We know that as women we are equally as capable, experienced and intelligent as men, so why are men still making more money than we do?
Jennifer Lawrence’s Experience with the Wage Gap
In a Lenny Letter, Lawrence reflects upon her self-disgust after realizing that she had too eagerly accepted an offer that earned her substantially less than her male counterparts. Rather than negotiating, she recognized the “lingering habit of trying to express … opinions in a certain way that doesn’t ‘offend’ or ‘scare’ men.” Lawrence didn’t blame her male counterparts for the disparity, but social norms for convincing her she would be pegged as a spoiled brat if she tried to negotiate.
While Lawrence’s high profile put a famous face to an everyday problem, the pay gap is a major issue affecting women across industries from business to politics.
A Real-World Example
In Thibodeaux-Woody v. Houston Community College, an employer was sued when a disgruntled employee found out that she was being paid over $10,000 less than her male counterpart. They had been hired around the same time, had similar qualifications and worked the same job.
During the interview process, she was informed of the maximum salary offered for the position and led her to believe that it was non-negotiable. The man who was hired simultaneously, negotiated and accepted an offer earning him significantly more than the disclosed salary.
The woman sued, filing a claim under the Equal Pay Act, but the case was dismissed for a lack of prima facie for wage discrimination. The employer swayed the case asserting that the disparity was not based on gender but on differing negotiation styles. As previously mentioned, the woman in question was not given the opportunity to negotiate.
Negotiation is Crucial
You are not alone in thinking of negotiation as a daunting task, even Hunger Games heroine Katniss Everdeen finds the idea intimidating! However while we are fighting for equality, we need to arm ourselves with the right tools to succeed. Negotiating skills being one of the most important items in our toolbox to defend and fight for our self-worth.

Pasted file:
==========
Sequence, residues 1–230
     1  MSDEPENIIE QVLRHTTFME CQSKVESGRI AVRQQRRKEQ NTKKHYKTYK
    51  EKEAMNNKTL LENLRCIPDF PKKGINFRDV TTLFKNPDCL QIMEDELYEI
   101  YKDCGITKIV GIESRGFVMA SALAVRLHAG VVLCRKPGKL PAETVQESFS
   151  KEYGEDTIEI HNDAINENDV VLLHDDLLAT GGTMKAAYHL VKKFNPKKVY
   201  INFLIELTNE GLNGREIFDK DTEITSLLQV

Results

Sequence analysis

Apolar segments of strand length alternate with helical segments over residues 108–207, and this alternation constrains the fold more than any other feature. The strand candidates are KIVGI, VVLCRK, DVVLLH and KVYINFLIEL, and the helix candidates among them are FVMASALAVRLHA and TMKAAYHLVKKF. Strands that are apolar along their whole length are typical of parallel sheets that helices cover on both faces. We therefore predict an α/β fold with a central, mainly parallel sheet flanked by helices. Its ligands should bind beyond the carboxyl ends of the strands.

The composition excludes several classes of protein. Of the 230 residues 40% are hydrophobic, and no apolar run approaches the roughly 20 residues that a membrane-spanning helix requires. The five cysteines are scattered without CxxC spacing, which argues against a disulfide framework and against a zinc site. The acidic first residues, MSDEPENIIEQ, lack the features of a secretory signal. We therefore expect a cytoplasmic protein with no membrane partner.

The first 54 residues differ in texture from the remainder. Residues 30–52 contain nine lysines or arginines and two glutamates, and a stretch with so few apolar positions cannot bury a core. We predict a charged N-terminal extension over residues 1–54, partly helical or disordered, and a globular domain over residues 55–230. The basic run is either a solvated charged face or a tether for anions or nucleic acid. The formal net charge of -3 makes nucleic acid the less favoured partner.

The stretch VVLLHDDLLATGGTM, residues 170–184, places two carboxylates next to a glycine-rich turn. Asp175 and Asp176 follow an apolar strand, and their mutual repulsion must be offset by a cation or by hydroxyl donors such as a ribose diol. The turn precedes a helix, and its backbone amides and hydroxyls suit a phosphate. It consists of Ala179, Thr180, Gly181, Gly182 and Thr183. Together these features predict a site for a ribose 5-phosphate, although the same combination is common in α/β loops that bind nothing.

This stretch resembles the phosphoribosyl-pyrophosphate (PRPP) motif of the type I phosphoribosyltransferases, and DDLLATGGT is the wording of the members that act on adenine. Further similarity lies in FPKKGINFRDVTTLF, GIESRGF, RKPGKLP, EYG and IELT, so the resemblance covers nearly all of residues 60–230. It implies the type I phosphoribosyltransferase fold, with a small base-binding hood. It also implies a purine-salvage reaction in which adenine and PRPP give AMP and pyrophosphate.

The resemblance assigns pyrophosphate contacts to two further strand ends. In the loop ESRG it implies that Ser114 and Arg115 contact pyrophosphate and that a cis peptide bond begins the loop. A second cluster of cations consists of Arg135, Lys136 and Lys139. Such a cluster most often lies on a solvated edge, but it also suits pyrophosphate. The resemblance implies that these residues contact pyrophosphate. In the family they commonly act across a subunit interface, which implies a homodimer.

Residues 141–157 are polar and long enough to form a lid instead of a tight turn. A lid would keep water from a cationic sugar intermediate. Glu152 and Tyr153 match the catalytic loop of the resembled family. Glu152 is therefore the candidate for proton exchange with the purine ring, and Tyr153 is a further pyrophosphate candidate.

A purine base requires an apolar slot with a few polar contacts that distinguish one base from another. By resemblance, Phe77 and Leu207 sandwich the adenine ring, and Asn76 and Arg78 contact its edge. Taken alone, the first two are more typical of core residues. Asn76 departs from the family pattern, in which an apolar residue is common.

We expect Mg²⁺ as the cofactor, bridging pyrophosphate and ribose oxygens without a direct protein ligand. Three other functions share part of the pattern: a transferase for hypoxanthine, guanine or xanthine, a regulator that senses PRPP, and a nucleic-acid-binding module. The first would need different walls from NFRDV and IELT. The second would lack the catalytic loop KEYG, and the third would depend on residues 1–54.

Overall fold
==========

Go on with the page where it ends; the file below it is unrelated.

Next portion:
Like in any other difficult conversation what you are proposing may be shot down, but your offer will never be accepted if it’s not on the table to begin with. So grab a chair, sit down and come to the negotiating table prepared and informed by the following tactics. Good luck!
- Don’t be afraid of silence
When giving or responding to an offer sit quietly and wait for 10 seconds. Allow each party involved time to consider the most recent addition to the conversation. Many people are afraid of silence, they jump in and counter their own request assuming that the silence meant their offer wouldn’t be accepted.
- Listen with open ears
By listening to the other party’s needs you will better understand their standpoint to find common ground. The more information you gather, the easier it will be to agree upon a solution.
- Provide reason and consideration
Nobody can argue with facts. Show that you know what you are asking for and how you came to the proposed solution. Then share what you plan to contribute to the organization in return.
- Invite others to the discussion
It can be helpful to include a witness or two who can assist you with negotiations. They can give you tips, back up your offers with third party insight and help you determine whether or not to proceed. Coming in with backup can also be helpful as you may be presenting to a group full of questions, which can become overwhelming alone.
- Get everything in writing
Taking clear and concise notes will provide more insight and information to refer back to during your negotiation. A good general rule is that you should always get offers in writing.